My interest in the world of Islam is new and it forms a part of two very different agendas. The first is geo political. Whatever you think about the wars in Iraq and Afghanistan you have to conclude that both were an intelligence debacle; certainly at the governmental and military level but also at the level of the media and the electorate. Donald Rumsfeld acknowledged as much in a recent interview with Al Jazeerah. He has come a long way in a short time.
At an entirely different level I do work in Education which brings me daily into close contact with the Muslim community in Nottingham. When I put together the hundreds of conversations I have had with the children and with their mothers and sometimes with their fathers the conclusion I draw is that the children wish to explore and their parents are happy for them to do so. I think the parents are content because they believe, in 90% of cases correctly, that the children will always see Islam as what Martin Luther called “Eine Feste Burg” , a sure refuge in time of trouble.
For somebody from the West to see an eight year old child voluntarily fast most if not all of the days of Ramadan is a humbling experience. Who knows what this discipline might not achieve in the fields of finance or molecular biology or public administration.
Or more importantly still how might these beautifully clothed children not serve the greatest purpose of all; the pursuit of truth. For “God is a spirit and they that worship Him must worship Him in spirit and in truth”. Wilfred Owen was as fine a poet as you could hope to encounter and he wrote "I went hunting after the wildest beauty in the world…. The truth untold".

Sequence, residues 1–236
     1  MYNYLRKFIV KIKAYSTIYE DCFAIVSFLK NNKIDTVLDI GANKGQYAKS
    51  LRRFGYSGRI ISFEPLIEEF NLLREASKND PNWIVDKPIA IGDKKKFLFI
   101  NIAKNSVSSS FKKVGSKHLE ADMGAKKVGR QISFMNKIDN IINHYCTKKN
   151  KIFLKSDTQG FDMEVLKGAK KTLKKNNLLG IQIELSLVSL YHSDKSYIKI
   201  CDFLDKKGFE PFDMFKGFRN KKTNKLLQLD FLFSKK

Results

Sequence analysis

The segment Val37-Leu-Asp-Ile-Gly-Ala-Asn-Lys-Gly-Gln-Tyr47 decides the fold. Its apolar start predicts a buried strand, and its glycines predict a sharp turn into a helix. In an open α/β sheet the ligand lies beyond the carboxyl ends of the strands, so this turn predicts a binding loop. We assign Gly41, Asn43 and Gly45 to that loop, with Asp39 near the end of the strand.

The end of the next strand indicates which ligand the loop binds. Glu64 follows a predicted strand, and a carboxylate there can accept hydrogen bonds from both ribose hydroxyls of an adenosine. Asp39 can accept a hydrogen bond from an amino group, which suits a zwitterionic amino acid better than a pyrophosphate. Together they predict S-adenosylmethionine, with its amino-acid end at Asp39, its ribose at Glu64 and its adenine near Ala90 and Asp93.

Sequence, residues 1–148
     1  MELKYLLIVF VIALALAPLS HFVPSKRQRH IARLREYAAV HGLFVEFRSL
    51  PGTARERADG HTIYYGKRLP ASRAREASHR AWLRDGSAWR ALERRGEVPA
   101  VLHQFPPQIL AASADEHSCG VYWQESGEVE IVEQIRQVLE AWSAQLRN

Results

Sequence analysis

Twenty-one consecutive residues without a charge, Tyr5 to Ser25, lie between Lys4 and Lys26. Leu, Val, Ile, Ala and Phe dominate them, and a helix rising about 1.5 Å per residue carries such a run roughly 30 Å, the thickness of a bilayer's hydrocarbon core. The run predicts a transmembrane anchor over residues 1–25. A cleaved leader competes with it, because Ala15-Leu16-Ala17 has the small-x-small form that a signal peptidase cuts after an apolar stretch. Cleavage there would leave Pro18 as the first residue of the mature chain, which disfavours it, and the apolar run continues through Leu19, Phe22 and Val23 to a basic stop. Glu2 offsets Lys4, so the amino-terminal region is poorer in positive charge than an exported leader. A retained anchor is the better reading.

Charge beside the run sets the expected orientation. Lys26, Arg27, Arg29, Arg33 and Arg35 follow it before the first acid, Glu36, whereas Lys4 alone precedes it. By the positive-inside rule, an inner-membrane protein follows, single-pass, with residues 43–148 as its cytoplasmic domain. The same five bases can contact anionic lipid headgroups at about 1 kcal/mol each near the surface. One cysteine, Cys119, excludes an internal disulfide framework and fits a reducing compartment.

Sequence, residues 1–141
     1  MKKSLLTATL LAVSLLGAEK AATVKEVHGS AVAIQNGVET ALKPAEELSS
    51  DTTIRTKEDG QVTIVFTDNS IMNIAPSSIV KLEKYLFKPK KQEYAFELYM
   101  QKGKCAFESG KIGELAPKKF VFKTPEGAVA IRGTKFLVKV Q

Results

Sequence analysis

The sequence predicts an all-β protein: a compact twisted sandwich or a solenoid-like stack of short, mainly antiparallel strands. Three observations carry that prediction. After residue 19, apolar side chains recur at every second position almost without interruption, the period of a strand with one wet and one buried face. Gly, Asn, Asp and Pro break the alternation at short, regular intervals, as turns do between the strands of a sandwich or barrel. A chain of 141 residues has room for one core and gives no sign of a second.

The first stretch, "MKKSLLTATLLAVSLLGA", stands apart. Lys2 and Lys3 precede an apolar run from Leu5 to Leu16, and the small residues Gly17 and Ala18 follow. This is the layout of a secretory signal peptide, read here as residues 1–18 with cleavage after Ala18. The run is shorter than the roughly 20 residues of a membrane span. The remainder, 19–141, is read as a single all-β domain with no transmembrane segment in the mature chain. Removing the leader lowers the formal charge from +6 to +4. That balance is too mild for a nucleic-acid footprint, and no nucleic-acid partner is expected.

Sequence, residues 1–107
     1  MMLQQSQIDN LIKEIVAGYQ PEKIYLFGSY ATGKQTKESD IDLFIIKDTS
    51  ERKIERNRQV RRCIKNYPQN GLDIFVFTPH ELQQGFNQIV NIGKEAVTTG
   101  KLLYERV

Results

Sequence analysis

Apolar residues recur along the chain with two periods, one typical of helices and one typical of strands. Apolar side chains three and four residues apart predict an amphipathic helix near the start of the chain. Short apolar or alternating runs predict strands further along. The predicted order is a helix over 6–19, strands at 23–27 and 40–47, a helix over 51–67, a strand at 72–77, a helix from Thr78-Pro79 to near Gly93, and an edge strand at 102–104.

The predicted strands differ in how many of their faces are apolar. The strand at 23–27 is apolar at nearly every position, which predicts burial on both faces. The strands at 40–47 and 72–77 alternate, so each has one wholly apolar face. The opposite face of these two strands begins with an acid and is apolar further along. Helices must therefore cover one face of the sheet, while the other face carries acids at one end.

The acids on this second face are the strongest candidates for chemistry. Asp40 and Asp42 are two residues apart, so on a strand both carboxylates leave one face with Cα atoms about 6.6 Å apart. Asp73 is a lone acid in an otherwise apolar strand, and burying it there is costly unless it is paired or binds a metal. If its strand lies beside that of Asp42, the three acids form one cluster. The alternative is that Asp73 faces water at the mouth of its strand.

A query about Music and Islam first brought me into contact with the work of Edward Said. With Daniel Barenboim he founded the East West Divan orchestra, made up of equal numbers of Jews, Muslims and Europeans and in my view a beautiful inspiration to the tolerant.
But of course he also wrote “Orientalism”. This is not the place to assess whether Said’s heart clouded his view of recent World history. It remains on any assessment a work that grew out of a life of immense scholarship. In the poem “September 1st 1939” WH Auden wrote “We must love one another or die”. I would recommend the work of Edward Said to students I teach because I think this was his belief also. He combined scholarship with commitment and compassion. He was prepared to leave Ivy League New York and walk in the rubble of Gaza. A Christian himself he was fervent in his defence of the rights of Muslims throughout the World.
Ken Mafham is a Muslim Insitute Fellow and a Town Planning Consultant with 40 years experience. His work has taken him to Mauritius, Bauch State Nigeria , Merseyside and the East Midlands. He has also taught lessons to 30-40 individuals a week for the last fifteen years, from Year 1 to A level. This leaves little time for hobbies but he does like to play the violin and sing. Not both at same time though.